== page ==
Harvard Women's Health Watch

Swap out a sweet drink to reduce your diabetes risk

Research we’re watching

Replacing just one sugary drink each day with water may reduce your risk of developing diabetes, according to a study published online Oct. 3, 2019, by Diabetes Care. Researchers from Harvard’s T.H. Chan School of Public Health looked at more than two decades’ worth of data collected in three long-term studies, involving more than 192,000 adults. By tracking beverage intake over time, they found that people who increased their consumption of sugary drinks (including 100% fruit juice) by more than 4 ounces a day over four years had a 16% increase in diabetes risk over the next four years. Turning to “diet” versions might not help, either: an 18% jump in diabetes risk occurred in people who increased their intake of artificially sweetened drinks by more than 4 ounces a day over the same period, although some of that risk could have reflected other factors, said researchers.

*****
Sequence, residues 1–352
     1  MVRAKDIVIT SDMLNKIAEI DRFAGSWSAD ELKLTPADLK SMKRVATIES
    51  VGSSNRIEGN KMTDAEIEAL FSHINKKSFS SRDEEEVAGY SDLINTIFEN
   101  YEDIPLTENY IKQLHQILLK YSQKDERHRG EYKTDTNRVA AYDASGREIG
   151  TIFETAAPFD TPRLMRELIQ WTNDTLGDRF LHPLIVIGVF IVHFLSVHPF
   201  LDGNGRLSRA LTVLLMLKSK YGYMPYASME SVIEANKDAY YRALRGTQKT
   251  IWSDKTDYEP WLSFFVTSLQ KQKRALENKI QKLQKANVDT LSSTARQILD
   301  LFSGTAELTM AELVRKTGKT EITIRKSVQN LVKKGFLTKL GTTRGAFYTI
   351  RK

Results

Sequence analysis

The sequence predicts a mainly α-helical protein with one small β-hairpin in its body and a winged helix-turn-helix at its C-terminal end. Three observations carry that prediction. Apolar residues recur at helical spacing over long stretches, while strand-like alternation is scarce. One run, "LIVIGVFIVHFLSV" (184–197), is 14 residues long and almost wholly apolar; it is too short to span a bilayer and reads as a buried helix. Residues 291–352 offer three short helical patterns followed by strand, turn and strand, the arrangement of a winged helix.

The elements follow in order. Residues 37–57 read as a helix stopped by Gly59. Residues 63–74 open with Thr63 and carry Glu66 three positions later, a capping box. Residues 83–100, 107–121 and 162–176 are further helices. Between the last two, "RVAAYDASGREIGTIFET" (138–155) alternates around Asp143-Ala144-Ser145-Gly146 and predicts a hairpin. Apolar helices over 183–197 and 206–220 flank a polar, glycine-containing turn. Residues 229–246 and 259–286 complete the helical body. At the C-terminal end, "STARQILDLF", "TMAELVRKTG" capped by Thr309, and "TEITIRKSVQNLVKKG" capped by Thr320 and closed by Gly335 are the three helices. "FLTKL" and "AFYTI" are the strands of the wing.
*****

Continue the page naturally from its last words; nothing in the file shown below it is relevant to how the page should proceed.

The bottom line: If you want to reduce diabetes risk, it’s better to skip sweet drinks and stick to unsweetened tea, coffee, or water. When people drank one of those beverages once a day instead of a sweetened drink, diabetes risk dropped by 2% to 10%.

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